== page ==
70s bike

My fuchsia bicycle with the flowered banana-seat conveyed me all over town, my travel unrestricted. Stranger Danger didn’t get forced on a kid in the ‘70s like the present day. I pedaled pretty much anywhere the strength of my legs could take me.

I got to ride that bike to visit my friend, Veronica, from school. My mother knew where I was going and said, “You can go but only if you don’t tell your daddy.” I could ride my bike there by myself, but my father would’ve forbidden me from going. I’d never been to a black family’s house in my nine years of life.

This was the 1970s, not Jim Crow, not the segregated South, although the Midwest wasn’t exactly a cozy nest of inclusion. Few of my elementary school classmates were black, whom I could count on one hand from three third-grade classrooms.

Our home may have been typical in a small town, but I didn’t know since kids didn’t compare notes. While my mother didn’t condone our dad’s racism, her inaction was complicit. She’d also been raised to think the races need to remain separate, to “stick with their own.” She must’ve fallen into a torpor from the seeming normalness of that environment. Almost as if you can’t beat ‘em, so join ‘em in their prejudice.

My dad was inexorable and totally justified in his behavior. We’d been raised with this example as normal, but we knew better inside. Such an ugly secret we hid behind closed doors felt wrong. The balance of our blooming consciences grew lopsided to what seemed right, no matter what we knew as normal in our home.

Me and my sisters were warned to never bring a black or Asian guy home or we’d have no home. We’d be disowned, which scared me enough to never dated outside my race. As a teenager, I realized what bigotry meant but that my father wasn’t even a consistent bigot. He wouldn’t been fine with one of us dating someone Native American, but he would’ve lost his shit with any of us dating an African American.

He once said, “I know one at work, and he’s okay. He’s a hard worker.” Like that was a bonus, as if the man would otherwise slack because of being born black. I have no idea what caused his negativity about other races. It didn’t seem personal. His parents never acted that way. Their rural background likely didn’t involve much, if any, interaction with anyone other than white people. Maybe simple isolation took its toll on him.

My dad’s racist attitude and language overshadowed his other virtues. Being a hard worker who provided and care for his family didn’t weigh as heavy as the hatred and inconsistencies I witnessed. Someone who claimed, “Never think you’re better than anyone else,” was the same one who told us who could be our friends. I remember him saying, “Nobody is any better than you either, no matter how much money they have.” Such mixed messages.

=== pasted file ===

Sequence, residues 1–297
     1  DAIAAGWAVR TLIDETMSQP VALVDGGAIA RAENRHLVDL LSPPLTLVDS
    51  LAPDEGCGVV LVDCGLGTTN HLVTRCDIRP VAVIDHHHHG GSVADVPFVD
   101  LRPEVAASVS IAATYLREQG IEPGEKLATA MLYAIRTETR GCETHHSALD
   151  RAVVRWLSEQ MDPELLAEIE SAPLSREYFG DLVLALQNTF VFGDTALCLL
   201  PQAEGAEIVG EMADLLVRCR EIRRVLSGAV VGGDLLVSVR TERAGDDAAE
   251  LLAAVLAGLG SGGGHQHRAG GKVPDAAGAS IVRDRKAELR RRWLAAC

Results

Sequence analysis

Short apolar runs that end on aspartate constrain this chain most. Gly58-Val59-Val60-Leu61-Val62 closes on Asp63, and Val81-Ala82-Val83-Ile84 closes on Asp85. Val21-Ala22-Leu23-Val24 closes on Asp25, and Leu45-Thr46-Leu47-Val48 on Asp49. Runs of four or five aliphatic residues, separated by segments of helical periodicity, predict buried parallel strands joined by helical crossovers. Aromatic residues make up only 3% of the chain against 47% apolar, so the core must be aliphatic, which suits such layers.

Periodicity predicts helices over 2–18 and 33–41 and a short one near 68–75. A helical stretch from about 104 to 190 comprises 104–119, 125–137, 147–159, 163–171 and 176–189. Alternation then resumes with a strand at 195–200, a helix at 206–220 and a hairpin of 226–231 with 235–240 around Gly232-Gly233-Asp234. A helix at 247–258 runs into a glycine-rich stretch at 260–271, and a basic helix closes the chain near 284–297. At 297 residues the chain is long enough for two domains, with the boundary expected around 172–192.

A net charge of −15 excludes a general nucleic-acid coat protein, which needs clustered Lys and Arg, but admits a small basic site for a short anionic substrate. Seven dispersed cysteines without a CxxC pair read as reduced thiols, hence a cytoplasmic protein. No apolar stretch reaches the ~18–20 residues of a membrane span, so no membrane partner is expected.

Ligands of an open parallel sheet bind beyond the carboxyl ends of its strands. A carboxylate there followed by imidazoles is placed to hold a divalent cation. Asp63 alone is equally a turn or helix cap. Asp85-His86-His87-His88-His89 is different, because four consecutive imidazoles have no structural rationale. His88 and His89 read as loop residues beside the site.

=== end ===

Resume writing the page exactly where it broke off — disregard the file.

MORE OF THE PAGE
He didn’t like Jews and gave running commentary on the nightly news, especially if it included the likes of Henry Kissinger or JFK, although he never gave a reason why. Astonishingly enough, I think he voted Democrat. We couldn’t watch video of Eddie Murphy’s comedy routine without a hateful diatribe if our dad walked into the room. Why demonize these people we didn’t even know?

It was personal for me. Veronica was my friend, and going to her house excited. Everyone welcomed me there. With its unique decorations and varied kitchen aromas (as in anyone else’s home), theirs was an average middle-class household. We lived on the north side of the railroad tracks that delineated the poorer side of town. Ironically, I crossed those tracks to go to Veronica’s house not five or six blocks further down the same street.

I came home afterward to report, “Mom, Veronica has three mamas. They all live at her house.” Looking back, I imagine extended family lived there. My mom made sure to explain that couldn’t be right, that they must be different.

Always different, never the same. Making folks different could keep us separate. Twenty-three years after his death I still wonder what stemmed my father’s antipathy.

I’m lucky to have learned a different way of living by moving to a bigger city and meeting individuals of all races, nationalities, religions and lifestyles. My own life experience is richer for it. I know people are ultimately just people.

Some of those people are good and others bad, regardless of skin color. Unfortunately, indifference exists in all human beings. A generation later, I could cross railroad tracks all over the country — or the world — and find the same wherever my wheels take me. But making it personal makes it better.

Photo: deer_je via Flickr

*Studio 30+ writing prompt: bonus

Studio30

With a sad spirit, these thoughts are dedicated to a transcendent artist now missed by the world – RIP Prince.

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Loyalty